In this article (and video above), I talk about the significant announcement from NCEES regarding changes to the PE Civil Exam that will take effect in April 2024.
NCEES recently announced a transformative shift in the PE Civil Exams, with a strong emphasis on assessing engineers based on their specific disciplines. This change is driven by the elimination of common knowledge areas that previously tested general civil engineering topics.
All five PE Civil Exams—Construction, Geotechnical, Structural, Transportation, Water Resources & Environmental—now exclusively focus on their respective areas of practice.
So, what will change with the PE Civil Exams in April 2024? Let’s break it down:
1: Common topics shared across all 5 specialties will be removed from PE Civil Exams.
2: The question distribution within topics and sub-topics will get updated to reflect the new, more specialized exams.
3: Terminology used for topics and subtopics will align with industry standards.
4: An additional sub-topic will be introduced to each of the Transportation and Water exams.
Now, let’s look at what will remain the same:
1: The exams will continue to consist of 80 questions.
2: The exam appointment duration remains at 9 hours.
3: PE Civil Exams will still be computer-based.
4: Engineers with 4+ years of post-college professional work experience can continue to take the exams year-round.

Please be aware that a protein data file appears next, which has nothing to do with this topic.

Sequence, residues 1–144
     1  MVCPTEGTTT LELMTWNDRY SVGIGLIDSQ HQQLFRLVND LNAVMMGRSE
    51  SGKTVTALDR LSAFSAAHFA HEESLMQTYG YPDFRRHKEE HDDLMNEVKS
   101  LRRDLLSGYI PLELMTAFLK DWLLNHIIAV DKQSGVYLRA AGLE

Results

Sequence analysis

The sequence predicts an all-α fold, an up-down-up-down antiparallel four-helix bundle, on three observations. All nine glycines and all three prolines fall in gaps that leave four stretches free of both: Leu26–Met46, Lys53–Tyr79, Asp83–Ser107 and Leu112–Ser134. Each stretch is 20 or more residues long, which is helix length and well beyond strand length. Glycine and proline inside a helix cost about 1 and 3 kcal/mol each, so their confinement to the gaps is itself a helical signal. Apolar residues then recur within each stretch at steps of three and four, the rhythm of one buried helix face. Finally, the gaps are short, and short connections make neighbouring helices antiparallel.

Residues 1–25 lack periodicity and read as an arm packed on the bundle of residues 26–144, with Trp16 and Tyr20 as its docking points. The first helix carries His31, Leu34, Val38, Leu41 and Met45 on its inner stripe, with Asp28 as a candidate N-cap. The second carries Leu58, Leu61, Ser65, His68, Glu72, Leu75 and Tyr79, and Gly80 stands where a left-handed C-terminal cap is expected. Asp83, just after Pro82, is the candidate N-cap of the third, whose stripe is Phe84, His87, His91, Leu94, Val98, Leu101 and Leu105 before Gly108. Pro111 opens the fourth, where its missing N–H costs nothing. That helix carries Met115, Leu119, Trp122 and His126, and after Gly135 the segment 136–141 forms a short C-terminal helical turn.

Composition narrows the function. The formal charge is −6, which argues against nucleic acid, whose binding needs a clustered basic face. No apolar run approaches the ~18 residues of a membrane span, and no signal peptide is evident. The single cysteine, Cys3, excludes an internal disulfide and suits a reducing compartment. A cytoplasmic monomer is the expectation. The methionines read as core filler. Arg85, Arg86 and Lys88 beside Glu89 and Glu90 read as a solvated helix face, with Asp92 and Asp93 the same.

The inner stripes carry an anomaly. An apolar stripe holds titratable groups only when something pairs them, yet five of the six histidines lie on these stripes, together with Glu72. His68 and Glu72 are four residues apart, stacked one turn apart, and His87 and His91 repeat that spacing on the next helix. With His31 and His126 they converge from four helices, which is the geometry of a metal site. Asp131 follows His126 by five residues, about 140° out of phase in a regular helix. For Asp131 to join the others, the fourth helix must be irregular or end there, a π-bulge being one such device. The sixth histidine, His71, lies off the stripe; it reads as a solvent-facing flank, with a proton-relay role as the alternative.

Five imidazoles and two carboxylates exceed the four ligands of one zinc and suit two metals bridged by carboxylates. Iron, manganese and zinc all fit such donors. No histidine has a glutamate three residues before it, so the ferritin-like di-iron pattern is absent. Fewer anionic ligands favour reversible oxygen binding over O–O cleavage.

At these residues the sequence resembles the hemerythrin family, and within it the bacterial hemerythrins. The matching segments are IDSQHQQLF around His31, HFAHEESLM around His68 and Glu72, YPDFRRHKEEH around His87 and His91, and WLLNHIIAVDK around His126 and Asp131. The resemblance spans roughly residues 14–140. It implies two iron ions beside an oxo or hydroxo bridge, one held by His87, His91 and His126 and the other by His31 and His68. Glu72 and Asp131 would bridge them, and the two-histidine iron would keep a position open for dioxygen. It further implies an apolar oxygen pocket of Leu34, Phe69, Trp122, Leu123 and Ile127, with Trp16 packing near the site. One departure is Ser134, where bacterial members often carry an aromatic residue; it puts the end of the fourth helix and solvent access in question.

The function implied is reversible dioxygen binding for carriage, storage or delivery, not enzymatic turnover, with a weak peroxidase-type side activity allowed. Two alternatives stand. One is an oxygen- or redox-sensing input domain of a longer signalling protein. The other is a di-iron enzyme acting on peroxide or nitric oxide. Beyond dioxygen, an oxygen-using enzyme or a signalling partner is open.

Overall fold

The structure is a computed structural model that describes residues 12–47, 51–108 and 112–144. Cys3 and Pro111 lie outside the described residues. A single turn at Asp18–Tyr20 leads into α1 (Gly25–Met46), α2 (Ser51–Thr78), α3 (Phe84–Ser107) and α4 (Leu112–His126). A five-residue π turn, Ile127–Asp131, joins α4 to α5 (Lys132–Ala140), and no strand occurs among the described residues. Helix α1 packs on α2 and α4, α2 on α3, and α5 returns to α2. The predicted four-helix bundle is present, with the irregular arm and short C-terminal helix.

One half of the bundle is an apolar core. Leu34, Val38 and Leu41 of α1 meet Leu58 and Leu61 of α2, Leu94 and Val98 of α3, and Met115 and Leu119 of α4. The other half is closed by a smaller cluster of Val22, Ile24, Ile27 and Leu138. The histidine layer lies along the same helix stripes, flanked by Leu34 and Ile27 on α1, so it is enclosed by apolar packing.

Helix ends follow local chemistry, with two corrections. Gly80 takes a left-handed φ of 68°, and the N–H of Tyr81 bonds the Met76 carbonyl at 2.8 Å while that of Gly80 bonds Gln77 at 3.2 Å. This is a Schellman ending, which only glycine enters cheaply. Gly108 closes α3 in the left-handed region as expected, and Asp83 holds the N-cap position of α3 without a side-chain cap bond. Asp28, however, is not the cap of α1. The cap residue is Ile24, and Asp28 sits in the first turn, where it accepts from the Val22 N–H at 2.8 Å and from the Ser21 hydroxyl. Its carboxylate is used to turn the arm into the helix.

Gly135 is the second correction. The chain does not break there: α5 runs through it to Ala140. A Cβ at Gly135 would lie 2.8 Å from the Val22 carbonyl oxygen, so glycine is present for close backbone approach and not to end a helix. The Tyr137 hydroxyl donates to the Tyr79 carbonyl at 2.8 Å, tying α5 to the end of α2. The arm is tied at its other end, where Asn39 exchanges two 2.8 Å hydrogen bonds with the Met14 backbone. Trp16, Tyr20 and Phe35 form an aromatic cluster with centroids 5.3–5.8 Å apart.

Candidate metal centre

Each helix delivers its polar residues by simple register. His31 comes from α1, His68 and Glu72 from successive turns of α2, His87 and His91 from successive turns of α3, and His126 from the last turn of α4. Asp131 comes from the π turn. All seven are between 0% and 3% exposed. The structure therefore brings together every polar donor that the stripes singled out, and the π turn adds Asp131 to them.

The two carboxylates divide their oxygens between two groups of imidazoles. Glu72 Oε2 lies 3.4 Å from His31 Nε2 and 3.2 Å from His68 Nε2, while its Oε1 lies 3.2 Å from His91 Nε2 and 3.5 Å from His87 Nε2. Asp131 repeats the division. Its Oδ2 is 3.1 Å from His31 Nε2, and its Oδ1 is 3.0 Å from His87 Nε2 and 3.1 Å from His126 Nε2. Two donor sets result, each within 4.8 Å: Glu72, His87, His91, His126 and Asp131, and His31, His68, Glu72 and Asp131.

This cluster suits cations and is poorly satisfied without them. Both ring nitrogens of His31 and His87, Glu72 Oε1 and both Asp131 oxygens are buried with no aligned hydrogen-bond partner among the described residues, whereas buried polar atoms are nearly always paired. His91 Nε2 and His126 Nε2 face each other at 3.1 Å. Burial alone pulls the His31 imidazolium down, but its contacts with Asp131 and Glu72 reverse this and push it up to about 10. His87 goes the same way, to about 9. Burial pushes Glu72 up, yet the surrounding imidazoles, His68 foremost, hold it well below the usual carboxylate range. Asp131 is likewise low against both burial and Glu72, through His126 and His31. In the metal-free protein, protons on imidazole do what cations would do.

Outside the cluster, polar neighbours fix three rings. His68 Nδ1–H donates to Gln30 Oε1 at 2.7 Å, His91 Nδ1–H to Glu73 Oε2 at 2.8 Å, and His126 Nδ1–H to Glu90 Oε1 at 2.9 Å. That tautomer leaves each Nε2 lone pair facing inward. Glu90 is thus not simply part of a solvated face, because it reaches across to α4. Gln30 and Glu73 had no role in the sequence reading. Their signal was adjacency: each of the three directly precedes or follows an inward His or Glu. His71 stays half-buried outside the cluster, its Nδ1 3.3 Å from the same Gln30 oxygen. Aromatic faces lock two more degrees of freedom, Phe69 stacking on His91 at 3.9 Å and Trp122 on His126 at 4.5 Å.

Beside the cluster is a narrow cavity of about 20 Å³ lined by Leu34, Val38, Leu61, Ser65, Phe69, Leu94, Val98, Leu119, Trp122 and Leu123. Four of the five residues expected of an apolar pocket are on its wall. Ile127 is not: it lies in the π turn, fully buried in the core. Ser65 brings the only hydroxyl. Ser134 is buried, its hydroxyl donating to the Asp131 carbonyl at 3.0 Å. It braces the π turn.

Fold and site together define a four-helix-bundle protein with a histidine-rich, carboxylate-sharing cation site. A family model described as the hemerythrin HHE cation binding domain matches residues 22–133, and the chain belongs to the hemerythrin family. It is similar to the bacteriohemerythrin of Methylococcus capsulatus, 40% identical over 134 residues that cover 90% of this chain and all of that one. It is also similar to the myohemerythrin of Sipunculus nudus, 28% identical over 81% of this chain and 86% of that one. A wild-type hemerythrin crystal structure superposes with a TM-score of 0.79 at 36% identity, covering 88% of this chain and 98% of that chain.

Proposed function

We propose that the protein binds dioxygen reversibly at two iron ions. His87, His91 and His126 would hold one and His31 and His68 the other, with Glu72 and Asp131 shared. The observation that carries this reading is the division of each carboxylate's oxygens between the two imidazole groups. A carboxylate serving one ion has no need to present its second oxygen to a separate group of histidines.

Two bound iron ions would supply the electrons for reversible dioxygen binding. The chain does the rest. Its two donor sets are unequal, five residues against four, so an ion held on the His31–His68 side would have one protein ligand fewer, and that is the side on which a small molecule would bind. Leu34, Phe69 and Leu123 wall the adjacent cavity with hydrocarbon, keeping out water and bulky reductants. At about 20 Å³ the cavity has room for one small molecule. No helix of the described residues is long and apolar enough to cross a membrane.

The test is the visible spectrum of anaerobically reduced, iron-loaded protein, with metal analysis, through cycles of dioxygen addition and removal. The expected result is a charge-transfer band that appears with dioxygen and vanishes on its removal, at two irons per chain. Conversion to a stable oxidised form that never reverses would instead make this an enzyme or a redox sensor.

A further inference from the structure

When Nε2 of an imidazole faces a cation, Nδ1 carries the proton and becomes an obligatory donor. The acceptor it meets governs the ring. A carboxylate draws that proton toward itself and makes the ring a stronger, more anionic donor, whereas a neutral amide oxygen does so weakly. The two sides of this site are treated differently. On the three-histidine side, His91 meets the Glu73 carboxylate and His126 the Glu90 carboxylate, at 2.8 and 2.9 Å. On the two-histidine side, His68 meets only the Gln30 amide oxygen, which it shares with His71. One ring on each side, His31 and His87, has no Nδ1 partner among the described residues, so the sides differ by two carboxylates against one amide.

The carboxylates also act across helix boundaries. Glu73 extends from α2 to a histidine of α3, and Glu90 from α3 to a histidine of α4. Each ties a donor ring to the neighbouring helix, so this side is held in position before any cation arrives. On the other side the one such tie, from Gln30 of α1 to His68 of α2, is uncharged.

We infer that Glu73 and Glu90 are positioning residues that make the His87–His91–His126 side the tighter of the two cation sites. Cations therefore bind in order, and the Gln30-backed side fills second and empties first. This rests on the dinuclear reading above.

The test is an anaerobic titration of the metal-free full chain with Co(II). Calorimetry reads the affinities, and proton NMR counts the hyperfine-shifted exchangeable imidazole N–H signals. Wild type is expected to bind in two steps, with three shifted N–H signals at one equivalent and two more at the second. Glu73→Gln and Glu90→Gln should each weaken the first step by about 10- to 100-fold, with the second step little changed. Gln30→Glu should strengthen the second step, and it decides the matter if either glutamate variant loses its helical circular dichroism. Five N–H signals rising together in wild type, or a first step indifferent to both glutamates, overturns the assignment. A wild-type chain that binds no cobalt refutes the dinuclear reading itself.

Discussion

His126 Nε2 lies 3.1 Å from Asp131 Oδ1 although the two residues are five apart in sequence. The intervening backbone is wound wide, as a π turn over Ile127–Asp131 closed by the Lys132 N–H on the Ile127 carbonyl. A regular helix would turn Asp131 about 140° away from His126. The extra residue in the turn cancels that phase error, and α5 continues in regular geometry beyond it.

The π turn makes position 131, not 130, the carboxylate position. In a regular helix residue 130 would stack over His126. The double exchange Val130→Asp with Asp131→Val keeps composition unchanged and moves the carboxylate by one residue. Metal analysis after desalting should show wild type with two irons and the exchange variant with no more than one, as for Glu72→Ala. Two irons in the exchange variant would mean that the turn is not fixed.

The era of the general civil engineer is drawing to a close. With these adjustments effective in April 2024, engineers will transition to specialization in their respective fields, bidding farewell to the breadth section of the PE Exam. The removal of the breadth section has ignited debates within the engineering community, with differing opinions on its implications.
Let’s look at some of the Pros and Cons of Removing the Breadth Section:
- Engineers can develop deeper expertise in a particular area.
- This leads to better engineering outcomes and more innovative solutions.
- Engineers may be more competitive in the job market.
- Engineers may become more siloed and less able to collaborate effectively with each other.
- This can lead to problems with coordination and communication on large projects.
- Engineers may have less knowledge of engineering principles outside of their specialty.
- This can make it more difficult for them to change careers or to work on interdisciplinary projects.
The changes to the PE Civil exam in 2024 are indeed significant, and there are both pros and cons to the removal of the breadth section. The engineering profession is undergoing transformations in response to these changes .It’s a period of evolution in the engineering field, and we’re here to keep you informed every step of the way. Let us know how you feel about these changes in the comments below.
And remember, as you embark on this new phase in engineering, keep your passion for innovation alive.
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I hope you found this article helpful. In upcoming articles, I will solve some more PE exam practice problems and answer other questions from our subscribers. Pass the PE Exam videos will publish weekly, so be sure to click the subscribe button so you don’t miss something that could make a substantial difference in your exam result.
Lastly, I encourage you to ask questions in the comments of this video, or on this page and I’ll read and respond to them in future videos. So, if there’s a specific topic you want me to cover or answer, we have you covered.
I’ll see you next week… on Pass the PE Exam
Anthony Fasano, P.E.
Engineering Management Institute
Author of Engineer Your Own Success